Great solution without a hack! – RN Kushwaha May 5 '15 at 17:29
  • 1
    You can target the field to update as $(this).text(json.sentText); and that will allow this to be a more generic binding across fields. – Ecropolis Oct 12 '17 at 4:14
2

This is how I handled the json response.

First, set the datatype using ajaxoptions. Then, handle your data in the callback function. Therein, this.revert is your original value.

oTable.$('td:eq(3)').editable('/admin/products/add_quantity_used', {
    "callback" : function(sValue, y) {
        var aPos = oTable.fnGetPosition(this);          
        if($("#dialog-message").length != 0){
            $("#dialog-message").remove();
        }
        if(!sValue.status){
        $("body").append('<div id="dialog-message" style="display:none;">'+sValue.value+'</div>');
        $( "#dialog-message" ).dialog({
            modal: true,
            buttons: {
                Ok: function() {
                    $( this ).dialog( "close" );
                }
            }
        }); 
        if(this.revert != '')
            oTable.fnUpdate(this.revert, aPos[0], aPos[1]);
        else 
            oTable.fnUpdate("click to edit", aPos[0], aPos[1]);
      }else
        if(sValue.status)
            oTable.fnUpdate(sValue.value, aPos[0], aPos[1]);


    },
    "submitdata" : function(value, settings) {
        return {
            "data[users_to_products][users_to_products_id]" : this.parentNode.getAttribute('id'),
            "column" : oTable.fnGetPosition(this)[2]                
        };
    },
    "height" : "30px",
    "width" : "30px",
    "maxlength" : "3",
    "name" : "data[users_to_products][quantity_used]",
    "ajaxoptions": {"dataType":"json"}
}).attr('align', 'center');
1
  • Welcome to StackOverflow. Please keep in mind, that punctuation and proper capitalization helps tremendously when reading posts. – phant0m Oct 6 '12 at 12:27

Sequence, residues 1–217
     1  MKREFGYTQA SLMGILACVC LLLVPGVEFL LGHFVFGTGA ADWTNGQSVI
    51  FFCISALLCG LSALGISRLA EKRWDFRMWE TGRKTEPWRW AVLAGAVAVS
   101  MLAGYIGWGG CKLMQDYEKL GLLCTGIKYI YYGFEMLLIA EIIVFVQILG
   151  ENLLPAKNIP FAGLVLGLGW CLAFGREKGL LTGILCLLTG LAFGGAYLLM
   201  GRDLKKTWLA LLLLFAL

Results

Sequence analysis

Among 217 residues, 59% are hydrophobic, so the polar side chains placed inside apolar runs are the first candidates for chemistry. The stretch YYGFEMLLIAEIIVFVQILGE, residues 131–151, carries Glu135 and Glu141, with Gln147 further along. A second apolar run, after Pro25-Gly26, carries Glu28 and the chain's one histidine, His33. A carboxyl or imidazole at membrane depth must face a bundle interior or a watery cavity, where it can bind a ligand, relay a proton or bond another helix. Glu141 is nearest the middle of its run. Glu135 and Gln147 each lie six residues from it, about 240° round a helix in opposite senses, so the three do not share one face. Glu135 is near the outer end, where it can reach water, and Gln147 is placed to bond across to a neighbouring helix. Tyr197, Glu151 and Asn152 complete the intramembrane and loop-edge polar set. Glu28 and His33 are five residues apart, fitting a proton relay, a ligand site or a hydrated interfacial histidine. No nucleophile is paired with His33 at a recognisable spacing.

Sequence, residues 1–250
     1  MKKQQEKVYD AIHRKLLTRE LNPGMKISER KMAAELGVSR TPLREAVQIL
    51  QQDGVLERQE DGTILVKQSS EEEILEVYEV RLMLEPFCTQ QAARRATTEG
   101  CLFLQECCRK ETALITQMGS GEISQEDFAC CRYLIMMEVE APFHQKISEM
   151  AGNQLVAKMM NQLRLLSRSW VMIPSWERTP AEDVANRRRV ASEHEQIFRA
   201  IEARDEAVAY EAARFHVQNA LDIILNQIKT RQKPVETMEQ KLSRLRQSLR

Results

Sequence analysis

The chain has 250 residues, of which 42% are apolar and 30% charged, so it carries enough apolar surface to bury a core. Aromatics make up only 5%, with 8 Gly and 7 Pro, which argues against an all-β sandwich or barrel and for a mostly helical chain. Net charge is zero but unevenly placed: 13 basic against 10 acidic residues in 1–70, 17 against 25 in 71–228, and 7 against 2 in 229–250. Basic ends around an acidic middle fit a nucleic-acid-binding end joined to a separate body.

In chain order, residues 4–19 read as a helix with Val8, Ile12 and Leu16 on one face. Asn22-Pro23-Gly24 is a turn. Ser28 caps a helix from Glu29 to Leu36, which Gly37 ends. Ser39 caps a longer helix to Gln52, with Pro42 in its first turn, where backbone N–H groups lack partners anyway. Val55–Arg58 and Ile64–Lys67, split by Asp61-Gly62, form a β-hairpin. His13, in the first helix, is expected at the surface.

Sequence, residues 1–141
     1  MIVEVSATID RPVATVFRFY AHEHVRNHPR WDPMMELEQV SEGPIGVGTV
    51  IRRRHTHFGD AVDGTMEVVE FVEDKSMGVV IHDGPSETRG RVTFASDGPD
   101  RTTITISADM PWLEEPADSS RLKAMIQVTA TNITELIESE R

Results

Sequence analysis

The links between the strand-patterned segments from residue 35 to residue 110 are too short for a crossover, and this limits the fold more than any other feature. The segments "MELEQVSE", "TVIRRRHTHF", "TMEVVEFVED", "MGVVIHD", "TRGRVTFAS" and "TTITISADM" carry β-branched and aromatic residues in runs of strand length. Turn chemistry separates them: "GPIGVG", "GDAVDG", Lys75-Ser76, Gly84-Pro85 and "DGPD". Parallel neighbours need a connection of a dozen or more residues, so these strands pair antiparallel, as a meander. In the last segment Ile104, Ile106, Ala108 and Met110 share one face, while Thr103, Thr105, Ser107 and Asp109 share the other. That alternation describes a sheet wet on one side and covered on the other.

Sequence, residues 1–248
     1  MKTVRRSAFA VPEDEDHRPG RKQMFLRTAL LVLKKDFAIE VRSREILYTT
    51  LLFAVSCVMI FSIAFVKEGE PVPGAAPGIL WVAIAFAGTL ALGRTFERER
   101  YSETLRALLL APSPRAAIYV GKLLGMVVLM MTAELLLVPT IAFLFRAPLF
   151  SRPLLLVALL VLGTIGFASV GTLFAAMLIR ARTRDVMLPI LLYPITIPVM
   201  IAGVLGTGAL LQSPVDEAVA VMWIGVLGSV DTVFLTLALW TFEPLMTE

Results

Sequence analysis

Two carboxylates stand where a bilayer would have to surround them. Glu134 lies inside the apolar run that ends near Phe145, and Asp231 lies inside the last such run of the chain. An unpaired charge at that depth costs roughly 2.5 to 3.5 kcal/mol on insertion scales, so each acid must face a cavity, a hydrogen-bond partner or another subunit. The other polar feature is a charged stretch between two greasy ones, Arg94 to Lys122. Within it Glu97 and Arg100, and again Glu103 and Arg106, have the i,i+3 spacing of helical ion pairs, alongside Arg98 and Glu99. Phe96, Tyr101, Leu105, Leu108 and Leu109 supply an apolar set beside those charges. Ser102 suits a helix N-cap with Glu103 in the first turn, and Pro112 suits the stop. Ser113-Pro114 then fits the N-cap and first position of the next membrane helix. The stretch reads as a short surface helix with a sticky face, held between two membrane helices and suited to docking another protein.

0

So the solution I came up with is similar to what madcapnmckay answered here.

var editableTextArea = $('.editable-textarea');
        editableTextArea.editable(submitEditableTextArea, {
    type      : 'textarea',
    cancel    : 'Cancel',
    submit    : 'Save',
            name            : editableTextArea.attr('id'),
            method      : 'post',
            data            : function(value, settings) {
                                        return $.fn.stripHTMLforAJAX(value);
                                    },
            event     : "dblclick",

    onsubmit    : function(value, settings) {
                //jquery bug: on callback reset display from block to inline
                $('.btn-edit').show(0, function(){$(this).css('display','inline');});
              },
    onreset     : function(value, settings) {
                //jquery bug: on callback reset display from block to inline
                $('.btn-edit').show(0, function(){$(this).css('display','inline');});
              }
  });

Then the url function is

function submitEditableTextArea(value, settings) { 
                        var edits = new Object();
                        var result = $.fn.addHTMLfromAJAX(value);
                        edits[settings.name] = [value];
                        var returned = $.ajax({
                            type            : "POST",
                            data            : edits,
                            dataType    : "json",
                            success     : function(_data) {
                                var json = eval( _data );
                                if ( json.status == 1 ) {
                                    console.log('success');
                                }
                            }
                        });
                        return(result);
                    }